7 Principles Hollow Knight Adopts From Dark Souls

hollow knight and dark souls crossover title logo

Over the past decade, the bar by which fans evaluate difficulty is tied directly to a singular franchise: Dark Souls. First released in 2011 by FromSoftware, Dark Souls is an action role-playing game that is as punishing as it is polarizing. As more players overcame the arduous kingdom of Lordran, the game spawned a fan base of “git-gud” gamers. Studios then began producing difficult games in other genres, and the label “Dark Souls of” emerged. Whenever fans mentioned a challenging new franchise, the default comparison was Dark Souls. However, branding Dark Souls for its difficulty alone is indolent and ignores countless elements that make the game a masterpiece. But a recent indie blockbuster employs many of Dark Souls’ overlooked features to create one of the best Metroidvania games of all time: Hollow Knight. In this latest GamingROI feature, we explore seven principles Hollow Knight adopts from Dark Souls.

Boss Focus

Boss fights are standard in nearly every video game genre. However, few series embrace the level of diversity, purpose, and difficulty quite like Hollow Knight and Dark Souls. While Dark Souls boasts 26 boss fights, Hollow Knight nearly doubles the total with 47 unique bouts. Each encounter is distinct and perfectly connects the battle with the theme and aesthetic of the area. Furthermore, both studios perfectly weave the lore of every boss into the story-line of each region.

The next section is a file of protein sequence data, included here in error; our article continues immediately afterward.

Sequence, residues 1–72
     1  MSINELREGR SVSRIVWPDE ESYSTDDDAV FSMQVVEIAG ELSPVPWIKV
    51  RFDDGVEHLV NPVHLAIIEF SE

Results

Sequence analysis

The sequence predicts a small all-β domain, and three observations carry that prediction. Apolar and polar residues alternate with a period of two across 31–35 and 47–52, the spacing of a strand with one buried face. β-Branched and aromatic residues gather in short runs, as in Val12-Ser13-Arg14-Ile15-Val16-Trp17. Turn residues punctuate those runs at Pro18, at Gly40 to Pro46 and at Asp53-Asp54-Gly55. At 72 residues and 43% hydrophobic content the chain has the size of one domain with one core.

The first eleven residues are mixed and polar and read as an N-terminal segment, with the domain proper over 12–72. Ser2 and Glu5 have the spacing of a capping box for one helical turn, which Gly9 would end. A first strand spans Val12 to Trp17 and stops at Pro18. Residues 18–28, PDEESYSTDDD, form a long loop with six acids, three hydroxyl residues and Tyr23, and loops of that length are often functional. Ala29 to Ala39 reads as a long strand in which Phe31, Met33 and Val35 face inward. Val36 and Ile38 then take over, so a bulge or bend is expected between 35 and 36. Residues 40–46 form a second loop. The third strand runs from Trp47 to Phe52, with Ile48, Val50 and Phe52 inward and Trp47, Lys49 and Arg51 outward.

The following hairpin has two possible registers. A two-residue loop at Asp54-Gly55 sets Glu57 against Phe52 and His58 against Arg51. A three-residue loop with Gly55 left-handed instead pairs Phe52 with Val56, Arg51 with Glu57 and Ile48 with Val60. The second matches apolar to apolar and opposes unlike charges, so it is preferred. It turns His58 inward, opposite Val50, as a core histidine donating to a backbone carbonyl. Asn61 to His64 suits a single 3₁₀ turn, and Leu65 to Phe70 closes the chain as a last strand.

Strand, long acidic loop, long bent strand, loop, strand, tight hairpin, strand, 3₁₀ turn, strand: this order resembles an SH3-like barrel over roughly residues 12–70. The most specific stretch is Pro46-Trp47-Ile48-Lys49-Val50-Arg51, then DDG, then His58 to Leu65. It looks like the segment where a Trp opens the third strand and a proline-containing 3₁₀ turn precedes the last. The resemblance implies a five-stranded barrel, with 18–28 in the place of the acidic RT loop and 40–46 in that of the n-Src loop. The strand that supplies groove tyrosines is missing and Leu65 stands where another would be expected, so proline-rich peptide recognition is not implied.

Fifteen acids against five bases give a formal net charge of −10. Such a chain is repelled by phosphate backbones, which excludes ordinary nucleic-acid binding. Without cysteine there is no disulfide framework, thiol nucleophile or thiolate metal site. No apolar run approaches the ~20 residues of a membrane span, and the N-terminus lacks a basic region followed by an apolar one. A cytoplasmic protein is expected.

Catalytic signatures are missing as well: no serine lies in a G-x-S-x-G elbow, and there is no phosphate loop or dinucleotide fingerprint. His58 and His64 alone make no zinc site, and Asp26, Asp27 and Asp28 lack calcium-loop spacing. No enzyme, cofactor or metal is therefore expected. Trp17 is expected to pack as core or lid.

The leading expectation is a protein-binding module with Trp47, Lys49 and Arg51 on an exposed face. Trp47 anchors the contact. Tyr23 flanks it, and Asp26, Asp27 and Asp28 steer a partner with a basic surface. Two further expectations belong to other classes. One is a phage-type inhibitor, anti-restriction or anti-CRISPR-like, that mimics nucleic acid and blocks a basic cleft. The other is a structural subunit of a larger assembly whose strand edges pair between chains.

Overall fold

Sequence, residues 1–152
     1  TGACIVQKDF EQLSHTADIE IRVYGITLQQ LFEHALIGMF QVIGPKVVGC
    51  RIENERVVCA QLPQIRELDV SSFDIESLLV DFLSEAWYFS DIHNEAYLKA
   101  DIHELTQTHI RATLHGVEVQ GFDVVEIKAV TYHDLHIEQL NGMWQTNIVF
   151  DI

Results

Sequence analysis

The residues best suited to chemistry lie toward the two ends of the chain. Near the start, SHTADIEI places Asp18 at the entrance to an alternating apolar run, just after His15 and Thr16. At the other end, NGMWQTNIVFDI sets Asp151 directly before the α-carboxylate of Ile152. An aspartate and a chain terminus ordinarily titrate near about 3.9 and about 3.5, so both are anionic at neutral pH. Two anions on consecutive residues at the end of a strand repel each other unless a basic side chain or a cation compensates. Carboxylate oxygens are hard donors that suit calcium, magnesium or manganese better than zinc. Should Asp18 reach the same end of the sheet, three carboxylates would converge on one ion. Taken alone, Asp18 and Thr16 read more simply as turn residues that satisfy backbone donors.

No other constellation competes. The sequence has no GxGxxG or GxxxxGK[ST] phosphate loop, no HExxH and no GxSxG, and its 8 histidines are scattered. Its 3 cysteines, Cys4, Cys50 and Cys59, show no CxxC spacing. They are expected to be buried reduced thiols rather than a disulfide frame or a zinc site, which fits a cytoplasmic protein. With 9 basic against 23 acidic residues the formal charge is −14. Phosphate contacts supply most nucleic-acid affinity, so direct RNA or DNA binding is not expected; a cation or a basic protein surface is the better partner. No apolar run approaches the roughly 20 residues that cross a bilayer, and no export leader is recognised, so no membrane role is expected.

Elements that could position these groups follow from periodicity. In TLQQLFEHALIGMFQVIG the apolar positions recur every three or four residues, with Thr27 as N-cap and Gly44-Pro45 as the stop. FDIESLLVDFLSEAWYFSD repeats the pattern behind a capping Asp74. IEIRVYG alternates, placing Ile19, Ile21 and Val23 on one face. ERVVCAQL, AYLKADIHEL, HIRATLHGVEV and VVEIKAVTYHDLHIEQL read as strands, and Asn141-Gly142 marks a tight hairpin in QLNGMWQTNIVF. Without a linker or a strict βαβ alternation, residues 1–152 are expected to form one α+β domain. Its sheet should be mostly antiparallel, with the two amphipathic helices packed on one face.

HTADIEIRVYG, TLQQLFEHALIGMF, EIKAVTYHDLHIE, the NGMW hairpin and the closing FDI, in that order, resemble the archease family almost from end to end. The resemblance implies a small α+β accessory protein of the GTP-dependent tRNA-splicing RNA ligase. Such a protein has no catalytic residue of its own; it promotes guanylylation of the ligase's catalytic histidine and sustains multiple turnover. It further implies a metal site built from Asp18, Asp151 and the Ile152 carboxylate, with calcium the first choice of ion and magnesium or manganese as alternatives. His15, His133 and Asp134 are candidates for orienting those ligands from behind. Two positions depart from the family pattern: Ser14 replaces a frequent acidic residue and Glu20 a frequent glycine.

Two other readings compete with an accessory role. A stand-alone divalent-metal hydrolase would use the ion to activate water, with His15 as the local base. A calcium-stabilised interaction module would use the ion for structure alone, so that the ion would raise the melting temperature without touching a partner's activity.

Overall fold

While the quantity and variety of boss fights is impressive, scaling difficulty is what separates Hollow Knight and Dark Souls from other video game series. In short, the balance that FromSoftware and Hollow Knight maintain throughout the game is incomparable. Despite scaling abilities and talents, the first boss fight of each game is just as challenging as the last. Few video game franchises can boast such an accomplishment, which speaks volumes to the meticulous care of both studios.

Character Build

Over the last decade, western role-playing series introduced players to unprecedented levels of customization and freedom. Bethesda, Capcom, and BioWare quickly recognized that some gamers enjoy melee combat while others relish magic or ranged attacks. These studios were among the first to offer players the freedom to choose between these various gameplay styles. While revolutionary at the time, few studios have progressed this concept. Until Dark Souls. And then Hollow Knight.